WP2. Nanoprobe synthesis and evaluation & WP3. Cellular applications of nanoprobes.
Probes for membrane receptors. We developed a series probes based on fluorogenic dimers and dendrimers for imaging membrane receptors (GPCR, integrin and biotin) in live cells and small animals (Fam et al, Chem Sci, 2020).
Nanoprobes for nucleic acids. (1) We introduced a concept of amplified detection of nucleic acids, where a single molecular recognition switches emission of hundreds of dyes inside NPs. We functionalized our giant light-harvesting nanoantenna with DNA (Melnychuk & Klymchenko J Amer Chem Soc, 2018; patent application) and obtained nanoprobes with sequence-specific response to nucleic acids and 0.25-pM detection limit. (2) We improved the nanoantenna to achieve nucleic acids detection with single-molecule sensitivity (Melnychuk, et al. Angew Chem, 2020). (3) Nanoprobes were validated for nucleic acids detection by RGB camera of a smartphone.
Delivery of NPs into the cells. (1) Based on endocytosis of NPs of different color we developed an approach of barcoding of living cells in vitro and in vivo (Andreiuk, et al. Small, 2017). NPs showed almost negligible cytotoxicity. (2) We found that bulky hydrophobic counterions are essential to ensure efficient encapsulation of dyes within minimal leakage in cells and in vivo. (3) We delivered NPs into the cytosol by microinjection and electroporation (Egloff, et al. Small Methods, 2021), showing critical importance of small size of NPs (<20 nm).
Detection of intracellular RNA. Our DNA nanoprobes enabled direct detection of microRNA cancer markers (validated on 4 microRNA) in cell lysates (RNA extracts from 7 healthy and cancer cell lines) without enzymatic amplification (Egloff, et al. Biosens Bioelectron, 2021). We developed a bright fluorogenic dye dimer with its cognate RNA aptamer for intracellular RNA imaging (Bouhedda F, et al. Nat Chem Biol, 2020; patent application). Finally, we found that our DNA-functionalized NPs can be used for fluorescence in situ hybridization (FISH) in fixed cells to detect mRNA cancer markers (in preparation).
In total, ERC project resulted in 57 peer-reviewed articles (including 3 reviews) and 9 patents.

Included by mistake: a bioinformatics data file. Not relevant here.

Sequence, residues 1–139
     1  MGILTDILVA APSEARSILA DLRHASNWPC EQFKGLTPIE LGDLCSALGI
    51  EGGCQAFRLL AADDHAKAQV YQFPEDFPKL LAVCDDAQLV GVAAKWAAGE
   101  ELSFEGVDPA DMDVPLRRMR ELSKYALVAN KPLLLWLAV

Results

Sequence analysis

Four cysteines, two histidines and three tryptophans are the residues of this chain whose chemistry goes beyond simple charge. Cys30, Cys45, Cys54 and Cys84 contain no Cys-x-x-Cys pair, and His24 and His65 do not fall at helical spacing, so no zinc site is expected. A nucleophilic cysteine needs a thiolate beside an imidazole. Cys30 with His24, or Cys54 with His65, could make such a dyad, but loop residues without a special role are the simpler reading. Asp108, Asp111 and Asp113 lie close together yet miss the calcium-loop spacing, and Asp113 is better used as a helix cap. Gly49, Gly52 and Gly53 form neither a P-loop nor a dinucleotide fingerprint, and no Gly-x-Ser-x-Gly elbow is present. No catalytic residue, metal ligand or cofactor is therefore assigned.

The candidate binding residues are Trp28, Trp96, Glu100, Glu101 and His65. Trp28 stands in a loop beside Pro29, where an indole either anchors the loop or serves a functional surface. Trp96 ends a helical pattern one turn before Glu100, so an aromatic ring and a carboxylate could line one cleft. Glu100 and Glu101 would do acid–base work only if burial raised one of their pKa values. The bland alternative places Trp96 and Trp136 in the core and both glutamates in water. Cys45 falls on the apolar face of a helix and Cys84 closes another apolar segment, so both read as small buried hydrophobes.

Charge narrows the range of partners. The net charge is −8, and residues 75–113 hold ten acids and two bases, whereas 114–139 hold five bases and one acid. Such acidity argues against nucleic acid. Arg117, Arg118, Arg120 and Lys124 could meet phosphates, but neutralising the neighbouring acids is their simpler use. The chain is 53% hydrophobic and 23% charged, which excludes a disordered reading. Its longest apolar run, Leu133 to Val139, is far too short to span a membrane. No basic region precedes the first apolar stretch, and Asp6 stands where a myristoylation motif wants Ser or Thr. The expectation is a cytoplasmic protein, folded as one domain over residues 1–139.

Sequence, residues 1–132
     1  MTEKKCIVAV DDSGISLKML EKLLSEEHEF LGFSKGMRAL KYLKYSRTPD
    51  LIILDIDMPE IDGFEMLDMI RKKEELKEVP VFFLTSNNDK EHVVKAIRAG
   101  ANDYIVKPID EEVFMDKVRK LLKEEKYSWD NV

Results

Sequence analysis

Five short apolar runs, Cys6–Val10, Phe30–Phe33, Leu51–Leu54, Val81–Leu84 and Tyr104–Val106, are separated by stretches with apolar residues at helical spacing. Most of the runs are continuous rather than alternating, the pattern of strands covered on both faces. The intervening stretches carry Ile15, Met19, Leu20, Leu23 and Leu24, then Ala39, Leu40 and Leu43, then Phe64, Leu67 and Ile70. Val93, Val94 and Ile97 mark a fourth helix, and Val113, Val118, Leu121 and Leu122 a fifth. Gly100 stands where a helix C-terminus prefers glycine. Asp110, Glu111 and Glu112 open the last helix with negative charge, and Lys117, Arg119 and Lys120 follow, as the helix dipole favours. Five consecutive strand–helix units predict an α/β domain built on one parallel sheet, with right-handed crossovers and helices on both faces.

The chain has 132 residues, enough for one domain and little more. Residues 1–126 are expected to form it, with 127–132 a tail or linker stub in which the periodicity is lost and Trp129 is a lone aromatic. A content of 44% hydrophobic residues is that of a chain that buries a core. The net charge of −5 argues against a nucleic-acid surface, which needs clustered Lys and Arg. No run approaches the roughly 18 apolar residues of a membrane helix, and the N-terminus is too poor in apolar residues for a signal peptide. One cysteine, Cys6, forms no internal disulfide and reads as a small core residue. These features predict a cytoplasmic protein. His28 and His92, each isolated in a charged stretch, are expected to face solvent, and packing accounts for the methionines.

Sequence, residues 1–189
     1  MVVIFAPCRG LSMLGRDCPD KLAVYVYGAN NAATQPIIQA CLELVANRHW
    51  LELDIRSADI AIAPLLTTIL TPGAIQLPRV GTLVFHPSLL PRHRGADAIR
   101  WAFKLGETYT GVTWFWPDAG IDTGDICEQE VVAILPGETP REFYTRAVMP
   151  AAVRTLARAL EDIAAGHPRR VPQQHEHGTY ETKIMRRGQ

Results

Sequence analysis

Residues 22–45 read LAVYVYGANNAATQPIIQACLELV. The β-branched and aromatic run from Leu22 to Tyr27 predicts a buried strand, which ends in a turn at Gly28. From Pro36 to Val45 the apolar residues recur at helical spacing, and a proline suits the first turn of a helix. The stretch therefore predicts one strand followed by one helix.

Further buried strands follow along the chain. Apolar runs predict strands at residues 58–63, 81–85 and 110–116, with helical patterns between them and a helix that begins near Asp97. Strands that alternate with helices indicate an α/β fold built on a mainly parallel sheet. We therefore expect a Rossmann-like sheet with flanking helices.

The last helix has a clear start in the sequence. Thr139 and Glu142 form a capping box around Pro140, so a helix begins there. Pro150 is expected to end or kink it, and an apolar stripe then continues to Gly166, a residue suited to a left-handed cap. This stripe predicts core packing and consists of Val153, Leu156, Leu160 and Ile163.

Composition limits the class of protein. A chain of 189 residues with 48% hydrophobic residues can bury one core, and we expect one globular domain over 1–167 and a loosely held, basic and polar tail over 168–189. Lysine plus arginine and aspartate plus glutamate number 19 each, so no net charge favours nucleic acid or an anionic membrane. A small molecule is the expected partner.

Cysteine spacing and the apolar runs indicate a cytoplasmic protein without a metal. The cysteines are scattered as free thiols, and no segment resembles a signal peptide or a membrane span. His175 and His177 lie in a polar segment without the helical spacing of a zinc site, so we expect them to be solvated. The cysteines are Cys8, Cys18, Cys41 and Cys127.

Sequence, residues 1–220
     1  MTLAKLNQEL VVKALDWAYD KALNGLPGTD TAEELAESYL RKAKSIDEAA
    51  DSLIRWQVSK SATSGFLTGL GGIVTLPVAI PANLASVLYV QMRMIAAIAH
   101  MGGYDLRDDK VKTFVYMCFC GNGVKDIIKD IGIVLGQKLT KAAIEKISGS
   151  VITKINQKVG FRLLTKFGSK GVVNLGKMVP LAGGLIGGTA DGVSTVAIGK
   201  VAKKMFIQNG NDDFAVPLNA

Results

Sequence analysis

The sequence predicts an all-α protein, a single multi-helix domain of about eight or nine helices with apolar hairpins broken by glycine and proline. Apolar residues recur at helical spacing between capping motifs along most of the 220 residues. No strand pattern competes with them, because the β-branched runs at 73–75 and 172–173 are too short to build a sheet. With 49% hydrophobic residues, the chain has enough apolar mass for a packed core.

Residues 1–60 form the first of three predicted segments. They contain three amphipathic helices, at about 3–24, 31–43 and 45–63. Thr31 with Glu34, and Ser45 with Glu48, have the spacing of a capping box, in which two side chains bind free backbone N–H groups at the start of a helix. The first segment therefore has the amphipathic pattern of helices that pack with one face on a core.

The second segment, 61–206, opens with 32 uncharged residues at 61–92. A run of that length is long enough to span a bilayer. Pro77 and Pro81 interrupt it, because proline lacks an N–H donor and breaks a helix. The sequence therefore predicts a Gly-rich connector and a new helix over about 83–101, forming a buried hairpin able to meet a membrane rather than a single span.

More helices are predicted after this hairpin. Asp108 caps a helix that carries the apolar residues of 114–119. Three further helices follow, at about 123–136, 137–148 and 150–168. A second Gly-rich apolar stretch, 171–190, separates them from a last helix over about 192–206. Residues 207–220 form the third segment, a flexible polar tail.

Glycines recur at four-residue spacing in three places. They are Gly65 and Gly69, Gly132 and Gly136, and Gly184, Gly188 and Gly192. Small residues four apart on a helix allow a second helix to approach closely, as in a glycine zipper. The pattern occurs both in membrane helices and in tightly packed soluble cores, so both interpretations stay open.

Exploitation of results and knowledge transfer
In connection with the BrightSens project we deposited 9 patents and 1 know-how. The research resulted in several technologies transfer related detection of RNA cancer markers, single cell analysis and virus (SARS-Cov-2) detection. Based on the key technology developments of the BrightSens project on giant light-harvesting nanoantenna for detection of biomolecules, we plan to create a start up at the end of 2021.
1) We developed an original strategy for controlling particle size down to 7 nm based on polymer design.
2) We maturated the concept of bulky counterion and extended it cyanines for preparation of ultrabright polymeric NPs (100-fold brighter than quantum dots) of any desired color.
3) Monomolecular protein-sized (~10 nm) fluorescent NPs based on folded amphiphilic polymer were introduced.
4) Giant light-harvesting nanoantenna was developed exhibiting unprecedented FRET efficiency and record-breaking >1000-fold signal amplification, allowing unprecedented single molecule detection in ambient sunlight-like conditions.
5) We introduced a concept of amplified detection of nucleic acids based on DNA-functionalized giant light-harvesting nanoantenna with DNA (Melnychuk & Klymchenko J Amer Chem Soc, 2018), which enables direct detection of nucleic acid cancer markers without PCR.
6) We developed the first example of nanoparticle probe capable to detect single copy of RNA/DNA: it couples single recognition even with response of ~1000 of encapsulated dyes.
7) Fluorogenic dye dimers for imaging natively expressed membrane receptors and intracellular RNA were introduced.
Graphical abstract of BrightSens project
Klymchenko research group-BrightSens project